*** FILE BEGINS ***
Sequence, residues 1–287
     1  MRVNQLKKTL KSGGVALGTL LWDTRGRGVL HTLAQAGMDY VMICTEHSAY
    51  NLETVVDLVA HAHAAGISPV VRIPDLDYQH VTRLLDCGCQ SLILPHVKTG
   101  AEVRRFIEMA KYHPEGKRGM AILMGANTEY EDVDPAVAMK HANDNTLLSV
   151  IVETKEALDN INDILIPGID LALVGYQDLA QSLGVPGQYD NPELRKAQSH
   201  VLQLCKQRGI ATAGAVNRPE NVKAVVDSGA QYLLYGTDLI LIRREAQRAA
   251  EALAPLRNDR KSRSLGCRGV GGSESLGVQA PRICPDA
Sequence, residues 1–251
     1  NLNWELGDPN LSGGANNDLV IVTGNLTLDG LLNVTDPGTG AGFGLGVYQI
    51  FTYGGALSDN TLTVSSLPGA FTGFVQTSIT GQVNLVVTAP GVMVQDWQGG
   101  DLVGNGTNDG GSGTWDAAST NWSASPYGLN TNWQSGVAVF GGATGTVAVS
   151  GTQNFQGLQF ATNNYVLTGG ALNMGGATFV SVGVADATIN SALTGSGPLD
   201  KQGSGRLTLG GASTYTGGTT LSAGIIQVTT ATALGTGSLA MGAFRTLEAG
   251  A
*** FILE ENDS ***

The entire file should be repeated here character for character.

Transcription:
Sequence, residues 1–287
     1  MRVNQLKKTL KSGGVALGTL LWDTRGRGVL HTLAQAGMDY VMICTEHSAY
    51  NLETVVDLVA HAHAAGISPV VRIPDLDYQH VTRLLDCGCQ SLILPHVKTG
   101  AEVRRFIEMA KYHPEGKRGM AILMGANTEY EDVDPAVAMK HANDNTLLSV
   151  IVETKEALDN INDILIPGID LALVGYQDLA QSLGVPGQYD NPELRKAQSH
   201  VLQLCKQRGI ATAGAVNRPE NVKAVVDSGA QYLLYGTDLI LIRREAQRAA
   251  EALAPLRNDR KSRSLGCRGV GGSESLGVQA PRICPDA
Sequence, residues 1–251
     1  NLNWELGDPN LSGGANNDLV IVTGNLTLDG LLNVTDPGTG AGFGLGVYQI
    51  FTYGGALSDN TLTVSSLPGA FTGFVQTSIT GQVNLVVTAP GVMVQDWQGG
   101  DLVGNGTNDG GSGTWDAAST NWSASPYGLN TNWQSGVAVF GGATGTVAVS
   151  GTQNFQGLQF ATNNYVLTGG ALNMGGATFV SVGVADATIN SALTGSGPLD
   201  KQGSGRLTLG GASTYTGGTT LSAGIIQVTT ATALGTGSLA MGAFRTLEAG
   251  A